Madagascar's giant, flightless elephant birds were once a common sight on the island, certainly up until the 17th century. It is generally believed that the elephant bird's extinction resulted from human activity, perhaps not surprising when one of their giant eggs would have fed an entire family. The extinct elephant bird could grow to over ten feet tall and weigh in at around half a ton, with its eggs about 180 times the size of a chicken egg. They lived well in Madagascar until about 2,000 years ago, when humans first settled the island; then, about 1,000 years later, they were extinct. In an upcoming documentary, Sir David Attenborough says it wasn’t the skill of human hunters that caused the big bird’s demise:
“I doubt it was hunted to extinction – anyone who has seen an ostrich in a zoo knows that it has a kick which can open a man’s stomach and an enraged elephant bird, many times the size of an ostrich, must have been a truly formidable opponent.”
Instead, he says, humans probably killed off the elephant bird by eating all their eggs—someone stumbling on a nest and stealing one of it’s calorie-rich eggs could keep their family happy for several meals.Attenborough discovered the egg shells on a visit to Madagascar in the 1960′s. For the documentary he returns to the area which has changed dramatically in the 50 years since then, he told The Telegraph:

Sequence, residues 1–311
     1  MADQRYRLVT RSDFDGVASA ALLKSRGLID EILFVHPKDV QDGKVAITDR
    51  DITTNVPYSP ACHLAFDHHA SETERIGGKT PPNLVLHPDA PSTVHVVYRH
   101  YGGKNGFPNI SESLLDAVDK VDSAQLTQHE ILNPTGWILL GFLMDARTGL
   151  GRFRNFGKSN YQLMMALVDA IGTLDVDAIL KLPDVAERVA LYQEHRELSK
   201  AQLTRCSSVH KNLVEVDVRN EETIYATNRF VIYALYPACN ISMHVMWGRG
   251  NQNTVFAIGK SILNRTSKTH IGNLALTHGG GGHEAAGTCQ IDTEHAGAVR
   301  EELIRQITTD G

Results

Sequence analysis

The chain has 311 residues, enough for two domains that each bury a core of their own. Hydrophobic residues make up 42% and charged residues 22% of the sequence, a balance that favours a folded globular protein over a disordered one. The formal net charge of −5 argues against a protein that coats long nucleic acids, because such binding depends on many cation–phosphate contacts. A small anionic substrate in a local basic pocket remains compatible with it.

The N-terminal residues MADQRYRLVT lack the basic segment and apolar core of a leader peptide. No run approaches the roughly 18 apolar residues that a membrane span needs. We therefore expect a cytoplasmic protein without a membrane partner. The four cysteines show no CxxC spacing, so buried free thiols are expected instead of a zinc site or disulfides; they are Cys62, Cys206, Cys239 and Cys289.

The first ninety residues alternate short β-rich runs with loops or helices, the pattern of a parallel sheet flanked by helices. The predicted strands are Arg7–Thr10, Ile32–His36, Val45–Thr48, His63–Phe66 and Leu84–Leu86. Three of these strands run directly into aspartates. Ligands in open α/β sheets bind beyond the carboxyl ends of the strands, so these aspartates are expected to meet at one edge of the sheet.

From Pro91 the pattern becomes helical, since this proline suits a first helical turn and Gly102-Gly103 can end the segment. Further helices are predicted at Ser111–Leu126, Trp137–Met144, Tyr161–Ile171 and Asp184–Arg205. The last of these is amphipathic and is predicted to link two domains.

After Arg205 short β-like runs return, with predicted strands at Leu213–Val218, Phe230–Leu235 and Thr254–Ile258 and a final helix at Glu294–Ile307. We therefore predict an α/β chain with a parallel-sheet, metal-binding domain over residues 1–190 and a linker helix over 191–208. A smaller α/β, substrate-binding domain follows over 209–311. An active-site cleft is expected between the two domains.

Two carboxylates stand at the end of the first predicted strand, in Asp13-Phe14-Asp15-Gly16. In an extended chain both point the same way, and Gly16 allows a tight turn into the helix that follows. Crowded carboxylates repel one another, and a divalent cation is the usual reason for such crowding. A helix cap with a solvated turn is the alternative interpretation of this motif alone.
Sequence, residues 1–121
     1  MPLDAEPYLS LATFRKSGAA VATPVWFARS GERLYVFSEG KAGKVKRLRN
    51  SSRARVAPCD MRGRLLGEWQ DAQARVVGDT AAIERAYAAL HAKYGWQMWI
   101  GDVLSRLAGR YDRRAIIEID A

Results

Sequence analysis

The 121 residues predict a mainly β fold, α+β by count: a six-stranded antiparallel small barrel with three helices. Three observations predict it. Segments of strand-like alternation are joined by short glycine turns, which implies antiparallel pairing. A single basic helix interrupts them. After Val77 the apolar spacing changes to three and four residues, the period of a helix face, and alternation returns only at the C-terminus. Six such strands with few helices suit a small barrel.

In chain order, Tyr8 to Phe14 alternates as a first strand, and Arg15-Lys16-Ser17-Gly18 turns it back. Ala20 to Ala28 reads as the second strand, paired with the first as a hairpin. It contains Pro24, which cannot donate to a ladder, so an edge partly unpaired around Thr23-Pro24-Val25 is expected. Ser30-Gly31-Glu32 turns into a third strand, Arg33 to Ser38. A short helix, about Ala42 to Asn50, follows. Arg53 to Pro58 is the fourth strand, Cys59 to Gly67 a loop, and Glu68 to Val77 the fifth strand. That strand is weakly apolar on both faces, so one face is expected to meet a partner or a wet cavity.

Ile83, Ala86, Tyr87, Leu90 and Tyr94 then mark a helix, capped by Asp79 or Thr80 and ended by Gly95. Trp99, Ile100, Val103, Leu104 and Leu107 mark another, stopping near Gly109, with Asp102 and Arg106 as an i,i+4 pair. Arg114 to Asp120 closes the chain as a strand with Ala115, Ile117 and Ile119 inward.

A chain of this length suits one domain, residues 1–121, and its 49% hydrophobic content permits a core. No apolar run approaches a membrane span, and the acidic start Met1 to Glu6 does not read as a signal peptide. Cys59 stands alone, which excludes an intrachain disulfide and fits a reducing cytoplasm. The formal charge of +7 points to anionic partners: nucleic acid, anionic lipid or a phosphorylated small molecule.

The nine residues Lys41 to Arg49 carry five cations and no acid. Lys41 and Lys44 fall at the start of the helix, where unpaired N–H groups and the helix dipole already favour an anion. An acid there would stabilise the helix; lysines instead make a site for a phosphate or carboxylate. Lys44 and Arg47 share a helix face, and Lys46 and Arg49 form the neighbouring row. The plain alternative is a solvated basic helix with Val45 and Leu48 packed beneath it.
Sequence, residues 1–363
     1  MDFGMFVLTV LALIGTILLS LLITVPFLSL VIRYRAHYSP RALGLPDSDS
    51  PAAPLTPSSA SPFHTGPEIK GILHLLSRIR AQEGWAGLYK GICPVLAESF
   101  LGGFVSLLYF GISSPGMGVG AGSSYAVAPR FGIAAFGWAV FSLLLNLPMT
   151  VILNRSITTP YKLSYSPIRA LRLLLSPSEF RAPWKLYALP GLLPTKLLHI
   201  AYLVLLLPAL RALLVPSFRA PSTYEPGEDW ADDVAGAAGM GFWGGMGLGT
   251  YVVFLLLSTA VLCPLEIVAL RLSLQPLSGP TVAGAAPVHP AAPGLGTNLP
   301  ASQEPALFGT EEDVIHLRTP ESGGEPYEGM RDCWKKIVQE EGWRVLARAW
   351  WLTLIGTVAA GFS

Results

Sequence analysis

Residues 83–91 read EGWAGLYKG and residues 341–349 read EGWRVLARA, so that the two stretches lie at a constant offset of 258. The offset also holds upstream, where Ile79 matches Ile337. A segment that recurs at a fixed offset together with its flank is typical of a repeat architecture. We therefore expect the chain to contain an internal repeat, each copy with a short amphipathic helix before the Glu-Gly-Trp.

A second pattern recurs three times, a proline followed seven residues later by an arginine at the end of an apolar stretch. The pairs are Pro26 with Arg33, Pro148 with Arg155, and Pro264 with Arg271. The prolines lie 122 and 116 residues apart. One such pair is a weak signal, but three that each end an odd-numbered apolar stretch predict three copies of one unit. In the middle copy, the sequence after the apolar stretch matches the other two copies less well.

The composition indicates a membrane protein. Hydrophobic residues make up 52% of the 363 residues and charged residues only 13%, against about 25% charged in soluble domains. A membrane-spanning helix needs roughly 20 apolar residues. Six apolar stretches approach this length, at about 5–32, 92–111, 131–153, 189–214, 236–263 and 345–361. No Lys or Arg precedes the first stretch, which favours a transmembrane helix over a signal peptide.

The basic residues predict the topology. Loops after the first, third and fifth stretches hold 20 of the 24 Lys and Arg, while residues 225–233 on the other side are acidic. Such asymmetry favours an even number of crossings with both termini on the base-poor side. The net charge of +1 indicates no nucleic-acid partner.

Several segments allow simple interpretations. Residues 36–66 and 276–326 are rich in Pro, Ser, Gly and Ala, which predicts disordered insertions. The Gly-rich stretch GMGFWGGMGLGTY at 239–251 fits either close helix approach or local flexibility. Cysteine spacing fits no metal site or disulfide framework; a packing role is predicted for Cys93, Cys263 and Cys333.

“I go back to a place where there was forest 50 years ago when I was there and it has all been knocked down the only thing that is there is an abandoned saw mill. It was sad to go back and see that. It is an example of the way the island has changed over the years. There are now three times as many people living on the island since I was there 50 years ago. The only places they can live and grow food were the only places that were wild. The wild places are being taken over by people building villages on them and rice fields.”
Scientific name: Aepyornithidae
Common names: Aepyornis, Vorompatra, Vouron patra
Sizing an elephant bird
Living in Madagascar, elephant birds were the heaviest birds to ever live and laid the world's largest eggs.